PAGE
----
In the past, Ray Kurzweil ‘s predictions have become accurate, inspiring a cult following among other future-thinkers. While many of his predictions have come true, a claim made by Kurzweil in his 2005 book ‘The Singularity Is Near’ has resurfaced online after YouTube channel Adagio shared a two-part clip, sharing insights from the book. The comments made by Kurzweil has kickstarted a debate on social media on immortality and if at all, humans will achieve it.
In his book, the scientist predicted that technology will allow humans to enjoy an everlasting life by 2030. He also talked about genetics, nanotechnology, robotics and more. “2029 is the consistent date I have predicted for when an AI will pass a valid Turing test and therefore achieve human levels of intelligence. I have set the date 2045 for the ‘Singularity’ which is when we will multiply our effective intelligence a billion fold by merging with the intelligence we have created,” Kurzweil had told Futurism in 2017, as quoted by New York Post.
Kurzweil talked about nanotechnology and robotics which he believes will give birth to age-reversing ‘nanobots’. As per former Google engineer, these tiny robots will constantly keep fixing damaged cells and tissues that start to deteriorate as we age, making us immune to lethal diseases.
Past predictions coming true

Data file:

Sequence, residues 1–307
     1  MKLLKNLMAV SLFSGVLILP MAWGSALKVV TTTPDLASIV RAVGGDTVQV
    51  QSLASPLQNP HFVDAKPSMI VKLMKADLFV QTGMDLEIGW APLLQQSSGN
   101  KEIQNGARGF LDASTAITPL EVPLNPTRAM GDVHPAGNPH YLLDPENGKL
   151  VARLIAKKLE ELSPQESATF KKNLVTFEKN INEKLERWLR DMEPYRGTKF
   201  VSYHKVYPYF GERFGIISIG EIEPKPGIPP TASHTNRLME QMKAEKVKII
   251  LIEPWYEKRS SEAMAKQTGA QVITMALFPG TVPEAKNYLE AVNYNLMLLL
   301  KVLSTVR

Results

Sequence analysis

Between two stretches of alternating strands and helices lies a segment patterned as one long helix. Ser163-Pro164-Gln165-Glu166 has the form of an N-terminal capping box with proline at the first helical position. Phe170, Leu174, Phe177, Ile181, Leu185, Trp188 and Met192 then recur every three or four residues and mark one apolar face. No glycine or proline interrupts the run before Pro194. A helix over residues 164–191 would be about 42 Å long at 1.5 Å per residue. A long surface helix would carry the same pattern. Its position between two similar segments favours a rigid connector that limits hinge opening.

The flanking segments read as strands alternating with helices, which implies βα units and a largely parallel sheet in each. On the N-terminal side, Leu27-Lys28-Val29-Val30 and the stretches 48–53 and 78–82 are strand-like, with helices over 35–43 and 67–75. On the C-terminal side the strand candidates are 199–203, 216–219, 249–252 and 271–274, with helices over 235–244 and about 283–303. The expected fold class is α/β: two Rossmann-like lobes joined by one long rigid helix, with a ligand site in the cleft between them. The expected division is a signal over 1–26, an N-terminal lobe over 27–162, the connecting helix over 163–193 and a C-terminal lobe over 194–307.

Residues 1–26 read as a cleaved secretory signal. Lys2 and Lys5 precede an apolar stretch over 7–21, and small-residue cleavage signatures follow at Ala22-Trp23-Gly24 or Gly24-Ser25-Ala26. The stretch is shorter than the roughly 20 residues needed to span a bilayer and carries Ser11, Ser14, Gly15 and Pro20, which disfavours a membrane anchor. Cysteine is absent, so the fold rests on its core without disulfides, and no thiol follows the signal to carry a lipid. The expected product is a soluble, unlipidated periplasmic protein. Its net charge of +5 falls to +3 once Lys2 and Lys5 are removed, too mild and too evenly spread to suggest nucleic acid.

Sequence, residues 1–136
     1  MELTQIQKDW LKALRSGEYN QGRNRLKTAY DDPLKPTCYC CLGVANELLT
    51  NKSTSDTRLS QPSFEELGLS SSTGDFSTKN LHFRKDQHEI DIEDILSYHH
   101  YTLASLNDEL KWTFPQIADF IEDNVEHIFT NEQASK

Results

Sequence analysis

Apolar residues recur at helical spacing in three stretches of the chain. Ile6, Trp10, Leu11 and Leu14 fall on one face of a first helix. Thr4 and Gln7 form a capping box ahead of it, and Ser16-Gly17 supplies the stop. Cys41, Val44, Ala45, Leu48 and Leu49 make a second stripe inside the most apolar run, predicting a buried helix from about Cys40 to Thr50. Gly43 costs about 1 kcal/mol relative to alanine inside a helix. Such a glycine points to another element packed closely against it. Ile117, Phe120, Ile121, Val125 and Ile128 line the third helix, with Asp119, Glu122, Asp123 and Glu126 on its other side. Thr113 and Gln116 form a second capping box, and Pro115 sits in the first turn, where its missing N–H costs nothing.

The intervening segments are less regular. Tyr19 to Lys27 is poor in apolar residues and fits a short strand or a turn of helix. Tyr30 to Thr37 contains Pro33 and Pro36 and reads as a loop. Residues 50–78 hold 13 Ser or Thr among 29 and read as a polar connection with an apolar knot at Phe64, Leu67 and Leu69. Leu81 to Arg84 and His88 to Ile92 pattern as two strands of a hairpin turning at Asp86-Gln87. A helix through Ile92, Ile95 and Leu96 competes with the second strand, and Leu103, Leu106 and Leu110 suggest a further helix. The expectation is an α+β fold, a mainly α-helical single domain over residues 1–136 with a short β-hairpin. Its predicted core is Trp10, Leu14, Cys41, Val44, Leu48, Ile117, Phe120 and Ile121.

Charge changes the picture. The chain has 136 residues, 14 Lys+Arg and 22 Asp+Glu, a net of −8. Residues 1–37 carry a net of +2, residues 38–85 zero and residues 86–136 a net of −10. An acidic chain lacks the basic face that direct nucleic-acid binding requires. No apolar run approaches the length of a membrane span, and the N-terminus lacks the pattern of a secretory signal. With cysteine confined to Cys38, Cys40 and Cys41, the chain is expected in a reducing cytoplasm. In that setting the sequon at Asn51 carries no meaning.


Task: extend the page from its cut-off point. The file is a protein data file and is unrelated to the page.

This isn’t the first time that this scientist has made a prediction. In 1990, Kurzweil had predicted that the world’s best chess player would lose to a computer by 2000. The prediction came true in 1997 when Deep Blue beat Gary Kasparov.
Later in 1999, he made another prediction stating that by 2023, a laptop worth $1,000 would have storage capacity and capabilities of a human brain. Kurzweil, an author who calls himself a futurist, had also predicted that by 2010, most of the world would have access to high-bandwidth wireless internet.
“By 2029, computers will have human-level intelligence,” Kurzweil had said in an interview with SXSW. Coming back to 2023, Silicon Valley is witnessing a tough battle between top tech giants as they race towards artificial intelligence and how it can be incorporated in everyday life.
Is AI smarter than humans?
In layman’s terms, singularity is a hypothetical future point in time when all the advances in technology, particularly in artificial intelligence (AI), lead to the rise of machines that are smarter than humans. Kurzweil isn’t the only man who has talked about singularity. Softbank CEO Masayoshi Son in the past has also predicted the dawn of super-intelligent machines by 2047.
“Thirty years from now, they (cyborgs) are going to learn by themselves, they are maybe going to laugh at you and us,” the tech mogul Son had said at the Future Investment Initiative in Riyadh, Saudi Arabia in 2017. Softbank Robotics already has Pepper, a semi-humanoid robot which is designed with the ability to read emotions. It was introduced in June 2014 at a conference and was later showcased in SoftBank Mobile Phone stores in Japan.
It’s just been a few months in 2023 and we have already seen big techs such as Google and Microsoft introduce their respective AI-powered chatbots, which has also resulted in fear about the future and an alarming question: Is humankind really ready for AI?